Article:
Chess: Shreyas Royal, 13, breaks UK record for youngest ever grandmaster result
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Shreyas Royal, 13, broke the UK record for the youngest ever grandmaster performance on Sunday when he scored seven points from nine games in a giant field of 474 competitors in the €15,000 Bavarian Open at Tegernsee, Germany.
The Greenwich teenager won six games, drew two, and lost only to the top seeded four-time Ukraine champion, Anton Korobov. There was a 14-way tie for first place, from which Germany’s Jan-Christian Schröder was judged the winner on tiebreak rules based on strength of opposition, while Royal was officially placed fifth.
Royal’s first GM result, of three needed for the title, was a remarkable and significant achievement. At 13 years 9 months, he broke the existing UK record for a first GM norm by several months. The record for the youngest UK GM title is still held by David Howell, who achieved it at 16 years one month in January 2007. Howell went on to become one of England’s leading players, along with Luke McShane who also achieved the GM title at 16.
Royal’s recipe for success was imaginative attacking play, notably in his fifth round win, which took only 28 moves with the black pieces as he demolished the Czech GM Jiří Štoček’s optimistic plan of queen’s side castling.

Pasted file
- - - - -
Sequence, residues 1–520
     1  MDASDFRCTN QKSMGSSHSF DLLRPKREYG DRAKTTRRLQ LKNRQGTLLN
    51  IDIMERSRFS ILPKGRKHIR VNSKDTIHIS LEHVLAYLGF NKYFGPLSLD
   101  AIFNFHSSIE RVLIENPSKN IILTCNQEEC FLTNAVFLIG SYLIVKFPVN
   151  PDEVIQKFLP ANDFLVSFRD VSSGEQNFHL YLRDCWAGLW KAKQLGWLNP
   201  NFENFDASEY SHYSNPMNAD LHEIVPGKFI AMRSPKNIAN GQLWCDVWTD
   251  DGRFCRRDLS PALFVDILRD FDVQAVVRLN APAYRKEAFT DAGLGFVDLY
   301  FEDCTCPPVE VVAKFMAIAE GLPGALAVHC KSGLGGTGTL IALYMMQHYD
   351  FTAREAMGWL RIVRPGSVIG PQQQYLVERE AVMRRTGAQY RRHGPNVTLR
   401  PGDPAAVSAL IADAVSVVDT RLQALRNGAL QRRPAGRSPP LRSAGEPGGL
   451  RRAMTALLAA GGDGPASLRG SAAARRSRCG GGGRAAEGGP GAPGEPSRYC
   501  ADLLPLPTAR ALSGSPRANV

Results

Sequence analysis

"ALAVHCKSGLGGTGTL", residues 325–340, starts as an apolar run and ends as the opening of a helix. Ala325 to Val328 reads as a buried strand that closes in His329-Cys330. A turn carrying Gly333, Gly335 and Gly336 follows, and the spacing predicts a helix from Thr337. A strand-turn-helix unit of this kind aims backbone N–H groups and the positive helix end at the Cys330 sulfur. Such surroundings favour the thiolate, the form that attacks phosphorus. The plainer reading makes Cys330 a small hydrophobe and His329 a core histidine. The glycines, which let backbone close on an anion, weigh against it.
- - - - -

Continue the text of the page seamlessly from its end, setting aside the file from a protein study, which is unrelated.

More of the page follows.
In the ninth and final round, Royal’s German opponent Christian Koepke thought he saw a chance to gain material in the diagram, where Black’s last move was Nc5-d3 forking White’s b4 rook and e5 bishop. Can you see what Royal had prepared in reply? The answer is given along with the weekly puzzle solution.
Back in the 1970s and 1980s, England was briefly the No2 chess nation behind the former Soviet Union, but the golden generation grew old and there has been no new English player in the world top 100 since Howell and Gawain Jones emerged in the late 1990s. Royal has just shown that he has the potential to change that.
More immediately, he has a serious chance to score two further norms and complete the requirements for GM before his 15th birthday in January 2024. That would place him among the select group of 40 grandmasters who have earned the title at age 14 or younger. A glance at the list shows that many of them are among the current stars of world chess.
Four years ago it seemed likely that Royal’s family would have to leave the UK due to the expiration of his father’s work permit, but the then Home Secretary, Sajid Javid, made a personal decision to allow him to stay. He is home schooled, and the many hours a day he spends developing his chess skills has led to a surge in the past year, when he took only a few months to acquire his current title of international master, which awaits formal Fide ratification. His coach, GM John Emms, has this year captained England’s over-50 teams to gold medals at the world and European championships.
Royal’s progress has been helped by financial support from Tata Consultancy Services, a part of the Tata Group which sponsors the “chess Wimbledon” at Wijk aan Zee in the Netherlands. Sponsoring individual English players has a good history. Decades ago there was backing for Nigel Short, Howell and McShane as they advanced to the top.
Lucas van Foreest v Evgeny Bareev, Wijk aan Zee 2019. White to move and win. White is material up, while Black seems to have counterplay with queen and rook. In the game, Black immediately resigned on seeing White’s next move.
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